Steven Windmueller
Where Jews and Judaism Meet the Political Road!

Reshuffling the Chairs: Measuring Jewish Institutional Power & Influence

Every significant institution has declined in its ability to shape events and been replaced with… well nothing really. Power has become easier to get, but harder to use or keep.

Moises Naim, The End of Power

The Jewish community is experiencing a power transition! Driven by factors well beyond the boundaries of the Jewish communal system, this transformational moment is resulting in a change of the power equation and status of many of the core institutions of American Judaism.

The ingredients associated with measuring institutional power include financial capacity, membership reach, brand recognition, organizational credibility, and historic imprint. Among the “threats” to Jewish organizational standing involve the rise of new competitors, the decline in membership strength, the downgrading of financial resources, and the weakening of bandwidth. The realities of these structural changes are directly tied to some of the major generational and broader cultural shifts we are experiencing as a society. At this time, religious denominational bodies are encountering particular challenges in holding members and in maintaining their bandwidth.

There are however those institutions that we can identify as growth-based organizations, benefitting from a highly relevant agenda, a strong leadership base, and an aggressive fund development plan. Among them, the ADL, as a result of its high-profile agenda in fighting anti-Semitism and JNF (Jewish National Fund), in connection with its capacity to effectively pivot by focusing on environmental concerns and rebrand itself to reach new constituencies.

As demonstrated in the chart that appears below, we have experienced a fundamental reshaping of the Jewish communal order.  Considering the power quotient, where each of the factors described above come into play is contributing to the recalibration of the Jewish marketplace, we are observing power transitions occurring where legacy institutions  have given way to emergent or boutique organizations.

The Jewish organizational model is shifting due to generational choices, changing cultural and political priorities,  and shifting economic interests. This has resulted in a  structural revolution creating a whole new paradigm of Jewish institutional power.  Over the course of the 21st Century, we are likely to see the continuous transformation of the Jewish communal roadmap, as both the pace and scope of institutional change will further recalibrate the power standings of Jewish organizations, as new competitors enter the market. Among the unknown factors will be four key ingredients: the economy, the state of the Jewish political condition, generational behaviors, and cultural influences.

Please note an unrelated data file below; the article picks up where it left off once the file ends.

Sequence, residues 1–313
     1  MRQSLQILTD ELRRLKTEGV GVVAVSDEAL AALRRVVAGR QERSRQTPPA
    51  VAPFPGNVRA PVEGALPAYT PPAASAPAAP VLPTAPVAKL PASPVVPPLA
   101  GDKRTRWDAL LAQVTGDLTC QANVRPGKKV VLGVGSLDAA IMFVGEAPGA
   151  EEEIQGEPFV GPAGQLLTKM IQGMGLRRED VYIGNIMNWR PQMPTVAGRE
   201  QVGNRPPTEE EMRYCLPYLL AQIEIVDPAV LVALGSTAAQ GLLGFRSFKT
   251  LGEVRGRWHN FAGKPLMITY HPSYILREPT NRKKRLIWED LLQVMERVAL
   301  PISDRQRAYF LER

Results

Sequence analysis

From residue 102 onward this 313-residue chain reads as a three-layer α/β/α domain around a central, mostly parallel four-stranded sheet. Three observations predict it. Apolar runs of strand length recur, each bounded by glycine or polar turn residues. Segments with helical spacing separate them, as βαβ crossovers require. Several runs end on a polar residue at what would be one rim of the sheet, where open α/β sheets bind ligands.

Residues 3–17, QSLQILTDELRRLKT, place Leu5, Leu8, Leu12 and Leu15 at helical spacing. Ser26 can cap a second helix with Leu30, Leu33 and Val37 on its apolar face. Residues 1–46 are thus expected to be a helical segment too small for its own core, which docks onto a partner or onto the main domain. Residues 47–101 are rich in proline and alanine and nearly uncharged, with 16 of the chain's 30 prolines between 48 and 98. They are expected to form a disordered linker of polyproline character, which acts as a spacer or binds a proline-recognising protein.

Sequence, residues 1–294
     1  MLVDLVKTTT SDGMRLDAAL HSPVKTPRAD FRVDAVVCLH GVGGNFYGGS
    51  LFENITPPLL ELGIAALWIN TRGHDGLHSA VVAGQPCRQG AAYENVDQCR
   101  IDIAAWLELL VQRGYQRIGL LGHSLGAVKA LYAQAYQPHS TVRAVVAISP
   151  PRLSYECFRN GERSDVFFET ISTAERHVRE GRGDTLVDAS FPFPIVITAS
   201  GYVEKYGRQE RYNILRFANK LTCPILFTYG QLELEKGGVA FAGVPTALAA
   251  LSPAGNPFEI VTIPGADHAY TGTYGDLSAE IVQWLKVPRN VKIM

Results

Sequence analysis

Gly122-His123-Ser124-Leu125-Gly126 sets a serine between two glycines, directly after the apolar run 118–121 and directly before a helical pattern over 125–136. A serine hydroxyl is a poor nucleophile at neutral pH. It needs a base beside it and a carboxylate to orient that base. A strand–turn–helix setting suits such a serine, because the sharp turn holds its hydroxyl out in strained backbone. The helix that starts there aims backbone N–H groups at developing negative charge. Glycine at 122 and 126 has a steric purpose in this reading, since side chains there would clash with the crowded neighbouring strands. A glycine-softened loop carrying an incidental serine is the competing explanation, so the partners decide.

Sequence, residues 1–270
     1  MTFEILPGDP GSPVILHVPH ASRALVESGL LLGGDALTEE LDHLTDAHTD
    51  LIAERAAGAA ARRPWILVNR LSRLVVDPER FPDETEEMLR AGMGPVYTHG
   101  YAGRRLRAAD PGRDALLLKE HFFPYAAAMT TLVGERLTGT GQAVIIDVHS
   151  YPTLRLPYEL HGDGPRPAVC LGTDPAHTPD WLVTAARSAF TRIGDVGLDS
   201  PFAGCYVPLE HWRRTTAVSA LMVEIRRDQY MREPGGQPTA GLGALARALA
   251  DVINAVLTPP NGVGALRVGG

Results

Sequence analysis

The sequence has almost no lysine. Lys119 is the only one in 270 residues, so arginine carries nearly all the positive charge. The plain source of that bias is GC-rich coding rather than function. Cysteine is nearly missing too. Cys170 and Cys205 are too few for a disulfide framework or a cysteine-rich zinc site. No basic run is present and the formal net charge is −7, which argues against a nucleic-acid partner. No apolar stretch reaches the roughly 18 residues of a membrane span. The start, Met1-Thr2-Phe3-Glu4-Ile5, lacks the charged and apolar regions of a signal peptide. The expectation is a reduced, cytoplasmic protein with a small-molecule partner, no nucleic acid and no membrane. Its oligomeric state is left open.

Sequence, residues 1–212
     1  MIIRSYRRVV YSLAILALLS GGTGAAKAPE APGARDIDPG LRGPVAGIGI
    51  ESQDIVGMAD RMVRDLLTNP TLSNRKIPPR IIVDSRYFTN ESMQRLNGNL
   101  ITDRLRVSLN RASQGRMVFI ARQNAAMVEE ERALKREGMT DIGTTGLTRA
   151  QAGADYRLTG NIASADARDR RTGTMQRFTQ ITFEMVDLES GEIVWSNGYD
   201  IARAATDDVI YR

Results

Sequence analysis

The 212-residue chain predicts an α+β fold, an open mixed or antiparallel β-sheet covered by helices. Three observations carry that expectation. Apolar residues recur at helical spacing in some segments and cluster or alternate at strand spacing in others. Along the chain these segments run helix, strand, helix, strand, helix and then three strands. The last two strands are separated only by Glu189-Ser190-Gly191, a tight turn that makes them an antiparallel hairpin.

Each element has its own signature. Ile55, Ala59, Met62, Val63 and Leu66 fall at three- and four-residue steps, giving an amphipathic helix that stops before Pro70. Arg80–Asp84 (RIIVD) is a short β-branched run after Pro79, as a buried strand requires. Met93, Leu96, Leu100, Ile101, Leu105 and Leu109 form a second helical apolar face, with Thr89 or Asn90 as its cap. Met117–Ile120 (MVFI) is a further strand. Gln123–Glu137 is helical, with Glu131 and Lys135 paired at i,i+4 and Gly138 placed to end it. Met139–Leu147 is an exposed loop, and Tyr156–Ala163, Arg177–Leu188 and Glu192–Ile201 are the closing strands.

Timelines: Transitions will be faster as we move forward driven in part by technology and social change 100 years 1885-1985 The First American Jewish Revolution 30 years in Formation 1985-2015
The Second American Jewish Revolution
Technology/Communications Centralized Information Social Media and the Emergence of Alternative & “Virtual” Community
Leadership Challenges Peer-Networked Elitism Indifference to Leaders The Rise of Self-Empowerment
Cultural Transitions Collective Vision: Holocaust/State of Israel/Jewish People as Defining Themes Individual Perspectives: Post-Modernism: Cultural/Spiritual/Personal
Social Structures Collective Engagement: Federation-Synagogue Model Personal/Sovereign – Self/Privatized Judaism
Market Transitions One Product Fits All Branding-Niche Marketing
Global Shift from PowerCentered to KnowledgeBased Communities Power-Centered Institutions (AJC-AIPAC) Knowledge/Skilled-Based/Specialized Organizations/Single-Issue Constituencies (MAZON-JWW-AJWS)
Inverse ShiftFrom NationalGlobal to a LocalGlobal Orientation Global Jewish Network System (Federations-Jewish Agency Connection) Rise of Emergent Local-Global Partnerships
Ideological Loyalties and Institutional Differences Social Divide: Class, Race, Culture Religion and Nation/ Strong Institutional Loyalties Ideological Differences Dissipate among Liberal Religious Groups/ Rise of Political Divisions: Loss of Communal Consensus and the Collapse of Civility


About the Author
Steven Windmueller, Ph.D. is an Emeritus Professor of Jewish Communal Service at the Jack H. Skirball Campus of Hebrew Union College-Jewish Institute of Religion in Los Angeles. Prior to coming to HUC, Dr.Windmueller served for ten years as the JCRC Director of the LA Jewish Federation. Between 1973-1985, he was the director of the Greater Albany Jewish Federation (now the Federation of Northeastern New York). He began his career on the staff of the American Jewish Committtee. The author of four books and numerous articles, Steven Windmueller focuses his research and writings on Jewish political behavior, communal trends, and contemporary anti-Semitism.